For Daan, the time to study belonged in the past, or so he thought. He’d already finished two HBO bachelor programmes and was focused on his job. If he was ever going to make time for studying again, it had to be an education he could infuse in his work as a project manager, while at work. “My father has an MBA degree and it challenged me to consider my own options of combining work and study. So I went looking and found the MaastrichtMBA programme which appealed to me at once. Its modular structure and diversity in topics, the leadership trajectory, it all felt good.”

All-round perspective for business acumen

He particularly liked the wide range of perspectives offered that would help professionals, as students, to develop their sense for understanding business in its every aspect and procedural setting.”Like how do the departments of sales, production and marketing relate and communicate with one another, within a company,” Daan explains, “and not consider the perspective of just your own tasks, but from a broader angle. Another huge benefit of the MaastrichtMBA programme is the ability to study with other professionals and to exchange our experience and knowledge, and for me to learn from the others.”

Most inspiring and challenging moments

Most inspiring moment for Daan in the programme was the Leadership trajectory at the Orshof location. “I often think about it, in my current work position, because a main thread during that week was to reach a certain flow with an entire team. I always work with other people, and hardly alone, so I can apply what I experienced and learned every day now.” A challenge was to find the time and focus to work on his thesis. “It’s an entirely different level of writing a thesis as a Bachelor student, so it took some effort to find the right angle and see it through, but I eventually succeeded.”

Inspiration to make change

Since he started the programme, Daan changed jobs twice. Being in the programme made him aware of his own options and capability, both as a professional and a human being. It gave him inspiration to go out there and find a job position more suitable for his own sense of emerging entrepreneurship and flow of ideas and initiative. You could say he grew out of his old job, and into new challenges and possibilities. “So much happens as soon as you start the MaastrichtMBA programme,” Daan reminisces, “it was very inspiring and made me contemplate everything in a positive way.”

Impact on personal life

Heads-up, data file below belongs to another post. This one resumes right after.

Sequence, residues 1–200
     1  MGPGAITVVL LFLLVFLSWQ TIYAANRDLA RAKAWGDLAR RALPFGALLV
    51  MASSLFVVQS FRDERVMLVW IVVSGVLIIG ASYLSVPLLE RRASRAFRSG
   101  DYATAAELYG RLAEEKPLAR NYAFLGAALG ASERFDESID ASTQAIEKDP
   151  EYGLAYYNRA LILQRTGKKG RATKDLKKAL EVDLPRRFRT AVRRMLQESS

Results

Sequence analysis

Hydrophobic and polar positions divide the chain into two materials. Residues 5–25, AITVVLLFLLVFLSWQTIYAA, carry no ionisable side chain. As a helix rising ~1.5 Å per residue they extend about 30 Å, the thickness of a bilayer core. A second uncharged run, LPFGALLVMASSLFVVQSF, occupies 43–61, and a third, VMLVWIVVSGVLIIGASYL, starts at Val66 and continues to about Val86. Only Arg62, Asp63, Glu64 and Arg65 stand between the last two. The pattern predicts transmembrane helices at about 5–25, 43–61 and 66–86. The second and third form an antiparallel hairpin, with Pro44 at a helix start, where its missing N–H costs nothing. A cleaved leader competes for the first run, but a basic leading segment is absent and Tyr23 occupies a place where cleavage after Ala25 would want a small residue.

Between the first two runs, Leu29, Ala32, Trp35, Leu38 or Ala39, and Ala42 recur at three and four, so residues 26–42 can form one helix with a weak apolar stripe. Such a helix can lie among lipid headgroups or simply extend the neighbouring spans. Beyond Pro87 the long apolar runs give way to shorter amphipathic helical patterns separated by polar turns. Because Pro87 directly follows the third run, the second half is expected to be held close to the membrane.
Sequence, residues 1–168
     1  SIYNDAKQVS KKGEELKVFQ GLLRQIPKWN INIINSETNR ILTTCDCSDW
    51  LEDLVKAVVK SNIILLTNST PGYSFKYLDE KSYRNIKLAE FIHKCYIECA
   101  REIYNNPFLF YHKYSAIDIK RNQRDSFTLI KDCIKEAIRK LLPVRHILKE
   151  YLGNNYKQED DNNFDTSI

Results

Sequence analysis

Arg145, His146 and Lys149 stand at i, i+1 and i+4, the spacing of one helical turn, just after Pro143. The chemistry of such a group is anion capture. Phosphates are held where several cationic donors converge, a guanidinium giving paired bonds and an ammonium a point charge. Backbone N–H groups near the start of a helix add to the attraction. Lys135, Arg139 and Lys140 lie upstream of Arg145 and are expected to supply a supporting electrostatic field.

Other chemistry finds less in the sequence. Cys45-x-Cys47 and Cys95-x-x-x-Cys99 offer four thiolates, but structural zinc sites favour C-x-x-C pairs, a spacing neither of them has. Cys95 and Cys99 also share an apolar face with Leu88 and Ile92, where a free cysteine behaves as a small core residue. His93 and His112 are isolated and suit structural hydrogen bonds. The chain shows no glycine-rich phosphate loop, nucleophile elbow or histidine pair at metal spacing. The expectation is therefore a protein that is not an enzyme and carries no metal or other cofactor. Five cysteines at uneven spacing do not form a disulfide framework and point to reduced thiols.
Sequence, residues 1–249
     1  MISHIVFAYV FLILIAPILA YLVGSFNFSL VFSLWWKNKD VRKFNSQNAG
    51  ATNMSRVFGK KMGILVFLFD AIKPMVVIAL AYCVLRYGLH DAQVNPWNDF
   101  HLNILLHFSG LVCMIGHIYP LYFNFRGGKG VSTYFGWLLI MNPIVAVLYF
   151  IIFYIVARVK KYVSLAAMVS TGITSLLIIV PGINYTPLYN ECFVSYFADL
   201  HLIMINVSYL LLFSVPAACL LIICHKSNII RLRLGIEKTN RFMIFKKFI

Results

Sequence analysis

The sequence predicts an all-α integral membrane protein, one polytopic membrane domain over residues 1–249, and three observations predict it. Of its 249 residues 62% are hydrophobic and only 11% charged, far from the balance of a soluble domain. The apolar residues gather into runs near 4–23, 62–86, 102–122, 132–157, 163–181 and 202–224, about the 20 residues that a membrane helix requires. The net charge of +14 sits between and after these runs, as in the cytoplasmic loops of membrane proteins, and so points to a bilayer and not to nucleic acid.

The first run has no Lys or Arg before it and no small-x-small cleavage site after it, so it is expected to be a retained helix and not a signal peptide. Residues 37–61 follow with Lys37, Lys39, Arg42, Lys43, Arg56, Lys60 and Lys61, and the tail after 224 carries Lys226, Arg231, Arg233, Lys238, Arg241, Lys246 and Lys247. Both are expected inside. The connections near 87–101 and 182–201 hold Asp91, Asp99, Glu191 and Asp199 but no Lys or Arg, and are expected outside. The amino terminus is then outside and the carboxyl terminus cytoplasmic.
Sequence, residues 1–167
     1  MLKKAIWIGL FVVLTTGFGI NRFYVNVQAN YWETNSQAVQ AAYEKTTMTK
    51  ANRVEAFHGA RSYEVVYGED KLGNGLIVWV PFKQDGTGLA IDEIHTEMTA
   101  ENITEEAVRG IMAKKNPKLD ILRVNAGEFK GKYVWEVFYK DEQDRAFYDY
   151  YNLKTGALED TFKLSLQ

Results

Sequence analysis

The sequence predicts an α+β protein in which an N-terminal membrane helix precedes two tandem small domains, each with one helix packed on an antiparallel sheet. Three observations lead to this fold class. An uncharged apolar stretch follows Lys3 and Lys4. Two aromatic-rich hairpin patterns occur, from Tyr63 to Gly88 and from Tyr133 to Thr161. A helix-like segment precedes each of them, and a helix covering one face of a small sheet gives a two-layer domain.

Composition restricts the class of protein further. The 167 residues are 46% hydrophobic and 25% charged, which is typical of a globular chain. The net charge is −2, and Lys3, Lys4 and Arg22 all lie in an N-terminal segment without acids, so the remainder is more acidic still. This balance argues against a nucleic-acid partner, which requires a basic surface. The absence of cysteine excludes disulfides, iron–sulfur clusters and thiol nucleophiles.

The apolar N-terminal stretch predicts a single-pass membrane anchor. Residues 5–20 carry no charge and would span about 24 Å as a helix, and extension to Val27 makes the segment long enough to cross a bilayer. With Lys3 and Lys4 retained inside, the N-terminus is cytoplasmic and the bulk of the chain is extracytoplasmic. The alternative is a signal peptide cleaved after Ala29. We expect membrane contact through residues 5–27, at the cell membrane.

Studying next to a full-time job and a personal life can be quite the challenge as well. For Daan and his partner Gitta (30), the past years were tough sometimes, especially in the beginning. “We were still dating then and not living together, so very often I wasn’t available in the weekends, because I had to study or work on my thesis. We didn’t get to spend a lot of time together, but we knew it was necessary for me to complete my MBA. We now live together, so it all worked out.”

Recommendation

“I can recommend anyone wanting to grow in their professional life to consider following the MaastrichtMBA programme. It has enriched me as a human being and as a professional, for example, I now know how to direct my energy better and to make it beneficial to the team spirit at work. My employer was very pleased with me when I implemented what I learned at work immediately after the module, so the enthusiasm for being in the programme is transferred to the workplace as well!”

UMIO Congratulates New MaastrichtMBA Graduates

Four times a year the MaastrichtMBA students visit their MBA homebase in Maastricht for an eventful week of courses, exchange and cooperation. It is always an intense and vibrant experience. Once a year the week is extra special, because it concludes with the graduation ceremony of the students who have successfully completed the two-year programme.

Graduation time!

Last Friday saw the graduation of ten students, all dressed for the part with the academic regalia. Keynote speaker Prof. Dr. Franziska Gassmann (UNU-Merit) spoke about Social Protection Systems and Development and offered a different perspective on how social protection can contribute to balanced development and stability in poorer countries. A fitting end to the MaastrichtMBA journey, that is in large part about broadening one’s horizon and embracing different perspectives to make a lasting impact.

2018’s student of the year!

After the honouring of 2018’s student of the year Charbel Haddad, who to his own surprise had scored best overall marks for 2018, the event concluded with a short reception in Ad Fundum and a sparkling party at Thiessen Wijnkoopers.

A Call for General Programmes in Business and Management

Dr. Boris Blumberg describes the Skill Gap Survey, which depicts which skills employers look for in MBA graduates and which skills they find difficult to recruit.

The table below reveals the five most and five least important skills employers are looking for as well as the five skills most difficult and least difficult to recruit.

Taken seriously, these results reveal what business schools do well and where there are opportunities for curriculum developments. Not surprising, working in a team remains an important ability! Business students are well equipped to work in teams, as team assignments are a standard assessment in most programmes. The table also reflects the high demand for big data analysts, but also shows that working and interpreting big data requires more than good programming skills.

5 most important skills / abilities 5 least important skills / abilities 5 skills most difficult to recruit 5 skills least difficult to recruit
to work in a team applied microeconomics to influence others specialized marketing skills
to work with a wide variety of people to use social media to benefit business strategic thinking ability to work in a team
to solve complex problems accounting drive and resilience accounting